Ability to integrate custom signatures
Extraction of application metadata and number of metadata available
Ability to analyze traffic in real-time at any connection speed
Ability to classify and keep track of all network flows by application and user
Volume, delay and jitter provided per application, user and network link
Support for SDN/NFV environments by using a flow-based approach to cover traffic going across both physical and logical interfaces
Support for a wide range of run-time environments, from uCPE to appliances
Availability of actionable security information in real-time (e.g. automatic identification of fake or corrupted files)
Availability of computed statistics in real-time (e.g. MOS for VoIP)
For further reading, download the whitepaper “Adding Value to SD-WAN with DPI”.
This is Part 2 of the full article on "Gaining a Competitive Advantage in SD-WAN - The Role of DPI". Read Part 1: How to Gain a Competitive Advantage in Fast Growing SD-WAN Market' here.
About Qosmos Technology
Qosmos is the DPI Division of Enea and is totally focused on Deep Packet Inspection (DPI) technology, continuously monitoring protocols, reverse engineering new protocols and regularly delivering updates to ensure the highest possible traffic visibility for customer solutions.
Enea’s leading DPI-based classification and metadata engine, Qosmos ixEngine®, recognizes over 3100 protocols, more than any other DPI library on the market. Delivered as a software component, it is used by development teams at equipment manufacturers, solution vendors, and systems integrators to integrate DPI capabilities into their solutions. It can be used in all environments: physical, virtualized and SDN architectures.
Qosmos ixEngine is easily integrated into uCPE solutions by supporting DPDK and OVS for fast data capture and uses standard variables such as ConnTrack App ID and NSH to enable real-time service control. Designed with developers in mind, Qosmos’ software libraries are easy to embed into third party products and solutions.
For more information on Enea’s Qosmos DPI technology: www.qosmos.com.
Enea develops the software foundation for the connected society. We provide solutions for mobile traffic optimization, subscriber data management, network virtualization, traffic classification, embedded operating systems, and professional services. Solution vendors, systems integrators, and service providers use Enea to create new world-leading networking products and services. More than 3 billion people around the globe already rely on Enea technologies in their daily lives. For more information: www.enea.com.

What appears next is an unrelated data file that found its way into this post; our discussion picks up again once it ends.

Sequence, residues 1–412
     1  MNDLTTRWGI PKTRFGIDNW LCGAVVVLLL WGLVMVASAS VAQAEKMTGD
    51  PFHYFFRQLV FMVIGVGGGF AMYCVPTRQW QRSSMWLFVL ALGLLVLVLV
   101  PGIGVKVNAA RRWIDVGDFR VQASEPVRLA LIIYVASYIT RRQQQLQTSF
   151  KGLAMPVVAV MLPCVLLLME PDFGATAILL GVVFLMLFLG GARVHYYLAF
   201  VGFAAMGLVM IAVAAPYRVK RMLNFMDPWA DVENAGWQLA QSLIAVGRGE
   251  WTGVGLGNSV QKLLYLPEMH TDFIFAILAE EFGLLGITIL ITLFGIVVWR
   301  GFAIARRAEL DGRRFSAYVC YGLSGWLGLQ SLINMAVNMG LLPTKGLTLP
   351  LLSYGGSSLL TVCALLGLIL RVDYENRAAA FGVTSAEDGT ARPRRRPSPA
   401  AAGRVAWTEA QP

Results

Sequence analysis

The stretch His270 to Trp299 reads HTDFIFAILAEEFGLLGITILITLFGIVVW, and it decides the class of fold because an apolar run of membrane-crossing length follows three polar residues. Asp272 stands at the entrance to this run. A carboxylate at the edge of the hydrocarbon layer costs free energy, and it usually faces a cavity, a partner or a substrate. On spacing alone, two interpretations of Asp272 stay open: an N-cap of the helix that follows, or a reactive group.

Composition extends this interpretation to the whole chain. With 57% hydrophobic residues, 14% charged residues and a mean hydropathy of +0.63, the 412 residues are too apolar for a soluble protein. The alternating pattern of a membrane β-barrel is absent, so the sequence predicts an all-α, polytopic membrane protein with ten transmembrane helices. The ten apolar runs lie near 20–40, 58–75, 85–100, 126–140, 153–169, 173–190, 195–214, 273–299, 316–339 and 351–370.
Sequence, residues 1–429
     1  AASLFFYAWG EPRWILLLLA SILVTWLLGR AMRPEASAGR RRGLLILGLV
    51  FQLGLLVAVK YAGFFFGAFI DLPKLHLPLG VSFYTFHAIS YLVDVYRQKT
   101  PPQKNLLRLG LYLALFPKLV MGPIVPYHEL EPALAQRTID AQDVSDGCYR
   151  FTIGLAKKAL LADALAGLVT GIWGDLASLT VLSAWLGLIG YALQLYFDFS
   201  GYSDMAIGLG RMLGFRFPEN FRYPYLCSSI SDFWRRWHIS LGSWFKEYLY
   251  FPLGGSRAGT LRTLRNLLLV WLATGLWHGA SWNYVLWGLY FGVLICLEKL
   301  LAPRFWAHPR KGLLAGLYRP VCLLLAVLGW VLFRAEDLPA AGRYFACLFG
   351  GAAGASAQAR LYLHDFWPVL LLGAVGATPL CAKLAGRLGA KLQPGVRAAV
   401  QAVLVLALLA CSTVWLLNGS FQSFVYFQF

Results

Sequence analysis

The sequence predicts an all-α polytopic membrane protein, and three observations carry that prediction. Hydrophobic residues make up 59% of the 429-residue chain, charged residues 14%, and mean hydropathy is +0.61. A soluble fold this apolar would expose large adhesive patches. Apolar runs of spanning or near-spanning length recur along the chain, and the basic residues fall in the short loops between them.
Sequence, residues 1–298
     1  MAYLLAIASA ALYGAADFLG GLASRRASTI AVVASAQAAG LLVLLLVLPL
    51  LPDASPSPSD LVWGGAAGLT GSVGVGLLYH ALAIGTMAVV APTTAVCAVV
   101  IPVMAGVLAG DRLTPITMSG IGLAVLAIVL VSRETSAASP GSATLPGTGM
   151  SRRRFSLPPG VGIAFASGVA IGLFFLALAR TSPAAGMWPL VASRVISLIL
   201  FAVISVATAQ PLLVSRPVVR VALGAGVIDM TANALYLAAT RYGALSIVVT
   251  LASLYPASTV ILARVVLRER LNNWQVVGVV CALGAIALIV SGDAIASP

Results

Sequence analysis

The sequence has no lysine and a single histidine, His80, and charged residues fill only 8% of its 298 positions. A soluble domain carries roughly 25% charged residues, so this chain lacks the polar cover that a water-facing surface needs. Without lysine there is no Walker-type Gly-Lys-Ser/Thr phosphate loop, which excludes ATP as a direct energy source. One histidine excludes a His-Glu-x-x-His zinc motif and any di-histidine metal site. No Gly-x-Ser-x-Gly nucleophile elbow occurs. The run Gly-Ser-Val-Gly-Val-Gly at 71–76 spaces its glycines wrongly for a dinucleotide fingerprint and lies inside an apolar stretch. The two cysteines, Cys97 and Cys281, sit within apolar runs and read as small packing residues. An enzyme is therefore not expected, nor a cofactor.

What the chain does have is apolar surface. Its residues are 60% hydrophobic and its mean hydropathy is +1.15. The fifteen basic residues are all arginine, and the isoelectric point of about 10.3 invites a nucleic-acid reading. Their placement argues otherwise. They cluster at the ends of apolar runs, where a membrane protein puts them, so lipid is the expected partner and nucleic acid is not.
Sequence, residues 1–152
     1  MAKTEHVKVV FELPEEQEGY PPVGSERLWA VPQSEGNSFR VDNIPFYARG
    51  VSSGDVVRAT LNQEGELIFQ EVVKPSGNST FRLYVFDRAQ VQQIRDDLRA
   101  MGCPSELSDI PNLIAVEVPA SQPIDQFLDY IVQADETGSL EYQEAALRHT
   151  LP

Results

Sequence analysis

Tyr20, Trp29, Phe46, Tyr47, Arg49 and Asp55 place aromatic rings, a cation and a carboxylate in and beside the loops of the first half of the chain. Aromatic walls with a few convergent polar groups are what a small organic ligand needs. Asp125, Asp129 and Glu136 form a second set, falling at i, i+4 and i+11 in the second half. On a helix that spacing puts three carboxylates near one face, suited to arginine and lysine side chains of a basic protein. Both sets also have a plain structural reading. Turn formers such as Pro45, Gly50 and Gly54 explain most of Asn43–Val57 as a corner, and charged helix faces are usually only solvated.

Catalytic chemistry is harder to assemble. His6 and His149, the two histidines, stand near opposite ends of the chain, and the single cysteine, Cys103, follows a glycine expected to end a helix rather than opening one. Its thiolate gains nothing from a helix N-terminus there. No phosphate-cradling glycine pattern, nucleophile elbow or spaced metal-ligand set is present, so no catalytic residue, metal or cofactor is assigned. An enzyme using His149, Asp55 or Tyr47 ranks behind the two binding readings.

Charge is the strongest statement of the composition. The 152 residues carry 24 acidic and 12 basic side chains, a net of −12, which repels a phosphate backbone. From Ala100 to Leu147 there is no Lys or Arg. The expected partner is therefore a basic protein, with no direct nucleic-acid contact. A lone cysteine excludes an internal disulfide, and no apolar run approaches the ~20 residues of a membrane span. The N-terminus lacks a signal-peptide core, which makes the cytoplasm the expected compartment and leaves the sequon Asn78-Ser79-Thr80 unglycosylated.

Epsilon, a privately-owned global communications Service Provider, has expanded its partnership with AMS-IX to AMS-IX Hong Kong.
Epsilon’s partners can remotely peer at AMS-IX’s exchange in Hong Kong on-demand via its Infiny by Epsilon Software-Defined Networking (SDN) platform.
On-demand remote peering enables network-centric businesses of all sizes to instantly connect to global Internet Exchanges (IX) and give users an optimised Cloud and Content experience. This partnership enables an organisation to self-register on Infiny and immediately connect to AMS-IX Hong Kong as well as IXs and Cloud Service Providers (CSPs) across the globe.
AMS-IX’s Hong Kong peering fabric brings a new level of connectivity options to one of the fastest growing internet regions in the world. AMS-IX’s Hong Kong peering environment houses nearly 50 of the world’s leading ASNs. This generates nearly 40G of peak traffic already and continues to grow at a rapid pace.
Based in Vancouver, Washington, SmartRG brings long-standing industry leadership and expertise in open-source software development, as well as a comprehensive portfolio of cloud-management, analytics, Wi-Fi-enabled residential gateways and its SmartOS software platform.
The company’s executive team and employees will remain in place to ensure a seamless transition and accelerated market share growth, while leveraging ADTRAN’s global reach and resources.
Together, ADTRAN Mosaic and Smart OS provide full end-to-end management and orchestration solutions from cloud edge to subscriber edge.